You can easily imagine the ruddy-faced Harry Redknapp striding up and down the deck of a 19th-century corvette sailing toward Malacca, gently being rocked to sleep by the intoxicating smells of the tropics. He is one of those veteran British soccer managers who, had they been born at an earlier time, would have surely ended up serving in the Royal Navy. A keen businessman, a good conversationalist and gifted with a natural sensitivity that lets him connect with his players in a casual yet dignified way, Redknapp coached the Tottenham Hotspur team between 2008 and 2012. One day, he was asked whether he would give the young Gareth Bale a few days off.
"I gave him four days' rest and suggested that he go abroad to find a beach somewhere," he said. Instead, the boy went home to his mom.
Redknapp then shrugged and said that this explained everything.
More than two years have elapsed since that invitation to adventure. To a young man, that's almost a lifetime. For Bale, it was time enough to build himself a professional reputation. He scored 21 goals in 33 matches in the last Premier League season and was named the player of the year. In the meantime, he fathered a little girl and settled down in a house in Essex with his partner and child. He also bought himself a Range Rover and an Audi A8 convertible; and while he was at it, he found time to drop by the operating room and get his ears fixed — those same sticking-out ears that schoolkids used to laugh at so much. And to highlight his new look, he changed his hairdo, shaving off the sides and combing the top back for an aerodynamic effect. Now his look is in style: whether it was down to him, nobody knows, but he is definitely its most famous representative.
Today Bale is even more famous than he already was, because just over a week ago Real Madrid President Florentino Pérez decided to pay 100 million euros for him. This is the highest transfer fee ever paid for an athlete, an absolute record that makes one wonder about the added value of a man who says that when he goes out at night, his favorite drink is cold water. We are talking about a Welshman who turns his back on beer and would not dream of making a major decision without first consulting with his mother, Debbie.
Those who know him say he is a little bit naive, perhaps a bit absent-minded
Stephen, his maternal uncle — who still lives around the corner from the Bales' old terraced house in Cardiff — fishes out anecdotes about his famous nephew. "He was a real mummy's boy as a little kid," he says. "He always paid a lot of attention to her advice."
Friends from the Cardiff suburb where they and Gareth grew up assert that the boy can do just fine without alcoholic beverages, but could never dream of life without his family. He is 24, and has used this time to build himself a simple routine: practice every single sport within reach, then go home to mom first, and later to his girl. Emma Rhys-Jones is his high-school sweetheart, the same one he started dating eight years ago at Whitchurch High. Their daughter Alba Violet was born in October 2012.
Bale's existence has barely left a mark outside the playing fields. He was one of those introverted children who expressed his feelings by burning up energy. He practiced athletics, and was able to run the 100 meters in 11.4 seconds. He played rugby, hockey and soccer. His left foot earned him a reputation among the talent scouts. He joined Southampton's academy at age nine, and by 16 he was the second-youngest player to debut for the team. In 2007 he was acquired by Tottenham, where he soon made a name for himself with his speed, power and crossing ability. He slowly perfected his attacking skills, and was soon routinely scoring goals.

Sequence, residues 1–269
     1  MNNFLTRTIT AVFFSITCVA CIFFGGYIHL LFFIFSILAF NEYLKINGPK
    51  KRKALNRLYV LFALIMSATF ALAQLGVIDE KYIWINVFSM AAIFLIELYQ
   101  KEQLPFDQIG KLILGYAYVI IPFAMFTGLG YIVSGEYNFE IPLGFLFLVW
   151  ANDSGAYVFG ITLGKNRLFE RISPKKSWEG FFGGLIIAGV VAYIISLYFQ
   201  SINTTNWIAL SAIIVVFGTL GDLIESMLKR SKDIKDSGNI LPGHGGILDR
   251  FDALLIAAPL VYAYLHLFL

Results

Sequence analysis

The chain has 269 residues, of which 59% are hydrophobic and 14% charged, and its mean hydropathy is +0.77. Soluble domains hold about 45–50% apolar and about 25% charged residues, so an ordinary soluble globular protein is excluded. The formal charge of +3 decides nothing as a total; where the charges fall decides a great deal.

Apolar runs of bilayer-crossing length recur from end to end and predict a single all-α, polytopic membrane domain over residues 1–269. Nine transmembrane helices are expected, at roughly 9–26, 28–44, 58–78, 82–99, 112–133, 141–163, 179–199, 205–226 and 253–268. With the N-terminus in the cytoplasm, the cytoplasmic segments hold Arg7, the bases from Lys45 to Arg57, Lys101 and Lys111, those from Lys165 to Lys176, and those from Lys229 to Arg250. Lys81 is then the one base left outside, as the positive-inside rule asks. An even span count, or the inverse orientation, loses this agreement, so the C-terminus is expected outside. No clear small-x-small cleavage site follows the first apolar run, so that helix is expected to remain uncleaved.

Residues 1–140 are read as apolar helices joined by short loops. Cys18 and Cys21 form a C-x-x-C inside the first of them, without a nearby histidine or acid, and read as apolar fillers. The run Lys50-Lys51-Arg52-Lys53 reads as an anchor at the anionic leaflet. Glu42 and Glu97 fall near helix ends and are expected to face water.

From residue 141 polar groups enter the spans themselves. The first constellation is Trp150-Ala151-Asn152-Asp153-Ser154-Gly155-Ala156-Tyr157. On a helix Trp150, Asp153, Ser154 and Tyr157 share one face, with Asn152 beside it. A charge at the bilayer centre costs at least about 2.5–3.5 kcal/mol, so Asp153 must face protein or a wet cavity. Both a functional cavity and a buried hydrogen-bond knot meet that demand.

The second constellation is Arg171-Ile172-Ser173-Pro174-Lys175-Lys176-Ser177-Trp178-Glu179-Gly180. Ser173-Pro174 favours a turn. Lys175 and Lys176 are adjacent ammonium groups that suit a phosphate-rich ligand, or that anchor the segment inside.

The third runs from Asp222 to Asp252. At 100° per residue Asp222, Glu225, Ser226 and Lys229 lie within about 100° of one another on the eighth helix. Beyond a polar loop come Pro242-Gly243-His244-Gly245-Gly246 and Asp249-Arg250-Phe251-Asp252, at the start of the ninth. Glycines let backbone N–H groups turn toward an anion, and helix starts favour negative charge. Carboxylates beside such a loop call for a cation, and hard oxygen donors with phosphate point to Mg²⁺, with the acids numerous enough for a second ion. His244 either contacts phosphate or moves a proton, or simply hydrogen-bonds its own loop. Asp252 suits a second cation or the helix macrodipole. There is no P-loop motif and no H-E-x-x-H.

Technicians whose job it is to establish the value of players for Real Madrid fixed Bale's price at somewhere around 60 million euros. But Tottenham's appraisers figured it was more like 70 million. But the market's ways are mysterious. Florentino Pérez thought that he was in need of a dazzling move - he needed to acquire an idol that would help him regain the triumphant businessman aura that had recently lost some of its sheen. He needed to bring in an impressive player - someone who would look good in pictures. In these cases, British players are ideal because of their enormous commercial possibilities. All roads led to Bale.
There are highly complex psychological, business, cultural and political reasons for the extra price paid for Bale. Yet the man himself is a simple guy. Physically he would be your average Joe were it not for the protruding jaw and the imposing, globe-shaped skull. Soccer players tend to be street-wise creatures who are naughty by nature. But there is no trace of malice in the crystal-clear gaze of Gareth Bale. The people who know him say he is noble, a little naïve, perhaps somewhat absent-minded.
His representative, the sharp Jonathan Barnett, has managed his affairs with extreme professionalism. When Bale began making vast amounts of money, he founded a company called Primesure Limited, with 80 percent of the share going to the player and 20 percent to his parents. The Mirror newspaper says that Frank and Debbie received one million euros each as part of the transfer agreement between Tottenham and Real Madrid. Gareth is making close to 11 million euros a year, with a bonus of two million for doing little more than training. This is very likely the seventh-best salary in world soccer after those of Zlatan Ibrahimovic, Leo Messi, Thiago Silva, Samuel Eto'o, Yaya Touré and Wayne Rooney. Not bad for a 24-year-old kid who drinks nothing but cold water.